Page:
Nasal Polyps Formulation with bloodroot, poke root, thuja
Nose Drops for nasal congestion and sinusitis
see prices page


I only ordered your nasal polyp drops a fortnight ago and already there has been a big improvement to my breathing. I'm putting 2 drops in four times a day, and whereas my nose had alsways been very dry, now the nose is releasing lots of stuff so I'm able now to blow my nose. I'm very impressed with these drops, but they are very strong but that's probably why they're so effective. Thank you for all your help.
Betty D. London.


hi, my name is clarence
ive been in deep despair for 12 years with nasal polyps unable to breathe, properly or smell and taste anything, endlessly searching the internet for solutions, i decided to go hospital to have them removed only for it to come back with a vengeance after a month, ive tried everything from homeopathic medicine called sinuswars, to deep breathing exersises, to calloidal silver, to apple cider vinegar, to tumeric, and fresh fruits and even becoming a vegetarian, but to no avail, a friend told me of nasal polyp drops from herbactive which i tried and found some success. but after talking to Alan Hopking i was advised i needed a detox to detoxify my whole system and to have it replenished, i followed the detox plan with the nasal drops for a month as advised.
After my first week, it didnt have much of an impact, by the second week one of my nostrils was clearing up, by the third week both nostrils was clearing up and i was able to breathe through my nostrils all day rather than my mouth, by the fourth week, i smelt someones cigarrette next to me, i went jogging and started to smell grass, i showered and smelt my soap, which i havent been able to do for 12 years, i think herbactive should change its name to miracle-active.
i am truly amazed and so so happy with the results, its changed my life, as a recruitment consultant i am able to talk on the phone without repeating myself, and being constantly asked if i have the flu, and my desk is now clear of wet tissues!


"I have been using your blood root nose drops for my nasal polyps for just a few weeks and I find I can already breathe a little better. Thank you. "
Phillipe S


I use the nasal polyp drops more than the few drops 4x a day, I can handle the drops and rather like them. Right now it's the only thing that gives me relief.
Thank you. EJ. New York.


Dear Mr Hopking, we are making progress with our respective polyps [using your nasal polyps drops containing Blood Root], Chris can breathe through both nostrils now. Mucus is mostly clear or white now, occasionally he gets a bit of 'rubber' out. One of my nostrils is stil partially blocked but the swelling where the polyp sits has gone down a lot already.
Annette Flottwell


More about Polyps

Nasal polyps are fleshy swellings that can develop in the lining of the nose and in the sinuses. They are non-cancerous. Polyps vary in size; they may be white, yellowish brown or pink and are shaped like little teardrops or like little grapes. Polyps usually grow in both nostrils either on their own or in clusters. Polyps in just one side of the nose are not that common. Large polyps can cause breathing problems. They can also affect the patient's sense of smell. They can grow to the point that they may block the sinuses and cause regular infections and other problems, see below.
The National Health Service (NHS), UK, reports that nasal polyps affect up to 20 people per 1,000, of these the majority are men over the age of 40. People who have asthma, long-term sinus infections and allergies are more likely to develop nasal polyps. Children with cystic fibrosis are known to develop nasal polyps.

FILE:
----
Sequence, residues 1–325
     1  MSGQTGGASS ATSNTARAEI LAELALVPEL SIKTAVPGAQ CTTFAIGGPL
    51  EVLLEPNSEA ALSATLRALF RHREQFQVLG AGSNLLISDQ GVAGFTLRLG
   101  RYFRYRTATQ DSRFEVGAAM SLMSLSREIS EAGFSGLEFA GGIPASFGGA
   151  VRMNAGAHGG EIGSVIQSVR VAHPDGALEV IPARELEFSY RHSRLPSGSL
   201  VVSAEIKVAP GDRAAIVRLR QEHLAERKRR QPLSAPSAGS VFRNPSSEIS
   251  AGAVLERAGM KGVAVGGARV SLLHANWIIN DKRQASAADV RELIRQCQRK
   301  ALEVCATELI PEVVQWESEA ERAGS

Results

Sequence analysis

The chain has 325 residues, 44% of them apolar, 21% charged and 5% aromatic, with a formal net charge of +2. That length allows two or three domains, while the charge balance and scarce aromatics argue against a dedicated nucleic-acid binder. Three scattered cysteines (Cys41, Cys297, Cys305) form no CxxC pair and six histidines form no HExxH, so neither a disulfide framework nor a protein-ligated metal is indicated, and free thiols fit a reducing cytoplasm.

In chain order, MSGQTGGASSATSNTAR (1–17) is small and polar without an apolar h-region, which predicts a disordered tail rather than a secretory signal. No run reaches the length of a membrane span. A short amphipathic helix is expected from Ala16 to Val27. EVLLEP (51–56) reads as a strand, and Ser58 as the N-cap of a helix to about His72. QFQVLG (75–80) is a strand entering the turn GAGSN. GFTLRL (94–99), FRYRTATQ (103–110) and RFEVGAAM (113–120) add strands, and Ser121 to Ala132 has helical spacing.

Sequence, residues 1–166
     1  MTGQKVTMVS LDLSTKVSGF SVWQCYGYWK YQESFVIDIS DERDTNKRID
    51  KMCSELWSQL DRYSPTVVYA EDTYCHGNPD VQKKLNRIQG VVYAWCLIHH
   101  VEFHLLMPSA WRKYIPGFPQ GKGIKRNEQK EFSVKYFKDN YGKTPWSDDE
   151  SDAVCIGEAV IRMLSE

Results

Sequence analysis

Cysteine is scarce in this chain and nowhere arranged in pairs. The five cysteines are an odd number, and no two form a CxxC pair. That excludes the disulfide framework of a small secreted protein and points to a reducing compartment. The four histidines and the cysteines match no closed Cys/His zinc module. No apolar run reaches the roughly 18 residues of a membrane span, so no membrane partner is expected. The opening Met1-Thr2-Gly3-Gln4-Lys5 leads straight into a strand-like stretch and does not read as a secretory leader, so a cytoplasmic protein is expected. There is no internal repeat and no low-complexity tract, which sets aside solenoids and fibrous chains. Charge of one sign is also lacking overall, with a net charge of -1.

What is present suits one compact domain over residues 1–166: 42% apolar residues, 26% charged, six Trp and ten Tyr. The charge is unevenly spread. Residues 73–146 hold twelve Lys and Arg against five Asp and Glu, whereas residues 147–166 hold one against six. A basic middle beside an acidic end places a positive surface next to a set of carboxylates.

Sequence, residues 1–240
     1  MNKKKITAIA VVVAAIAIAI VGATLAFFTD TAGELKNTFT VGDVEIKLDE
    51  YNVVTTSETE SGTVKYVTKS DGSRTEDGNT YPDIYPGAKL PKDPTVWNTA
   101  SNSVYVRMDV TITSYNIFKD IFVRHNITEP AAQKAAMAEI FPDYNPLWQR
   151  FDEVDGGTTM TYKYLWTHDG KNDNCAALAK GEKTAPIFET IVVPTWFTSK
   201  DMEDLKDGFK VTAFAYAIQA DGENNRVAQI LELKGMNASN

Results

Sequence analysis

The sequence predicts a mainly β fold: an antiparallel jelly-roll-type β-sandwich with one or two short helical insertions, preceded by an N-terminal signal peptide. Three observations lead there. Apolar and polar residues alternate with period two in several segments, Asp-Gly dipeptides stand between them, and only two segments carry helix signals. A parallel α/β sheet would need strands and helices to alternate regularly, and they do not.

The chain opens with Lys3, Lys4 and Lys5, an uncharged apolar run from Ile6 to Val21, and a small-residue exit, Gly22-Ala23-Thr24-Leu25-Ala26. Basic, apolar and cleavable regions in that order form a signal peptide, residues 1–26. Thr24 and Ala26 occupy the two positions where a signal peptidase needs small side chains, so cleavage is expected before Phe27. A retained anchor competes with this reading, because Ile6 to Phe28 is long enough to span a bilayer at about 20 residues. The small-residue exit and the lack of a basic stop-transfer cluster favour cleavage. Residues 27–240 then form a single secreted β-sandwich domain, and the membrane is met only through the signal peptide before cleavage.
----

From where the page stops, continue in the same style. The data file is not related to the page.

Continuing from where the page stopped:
Nasal irritation and itchiness; persistent stuffy or blocked nose in one or both nostrils making it hard to breathe through the nose; sleeping problems; wet or dripping nose; postnasal drip - mucus continually running down the back of the throat; reduced smell; reduced taste; aches or pains in the face is possible; headaches; snoring; itchiness of nose and eyes. All these symptoms get worse the larger the polyps become.

Some research indicates that if your parents have/had nasal polyps your risk of developing them yourself is greater, compared to other people.

What are the causes of nasal polyps? It is thought that irritations, allergies, sprays can cause polyps, also bacterial or viral or fungal infection. However the pathogenesis of nasal polyps is unknown - the step by step development of a disease and the chain of events leading to that disease. Experts say that nasal polyps are thought to be caused by allergy and also cystic fibrosis (less commonly). A significant number of cases are linked to non-allergic asthma. In some cases no respiratory or allergic trigger is found.
Nasal polyps have no relationship with colonic or uterine polyps.
Nasal polyps are the result of swelling (inflammation) in the nose or sinuses - they are not a disease. Experts say that inflammation causes an accumulation of fluid in the cells of the nose and sinuses. Eventually, gravity pulls these heavy cells down, resulting in polyps. Scientists believe possible triggers are bacterial or viral infection, an allergy, or an immune response to a fungus.
Nasal polyps appear most frequently near the openings to the sinuses (in the nasal passage); however, they can develop anywhere throughout the nasal passages or sinuses.

Diagnosing nasal polyps
A doctor will generally be able to make a diagnosis after receiving answers to some questions regarding symptoms, carrying out a general examination, and more specifically, examining the patient's nose. Often polyps are visible with the aid of a lighted instrument.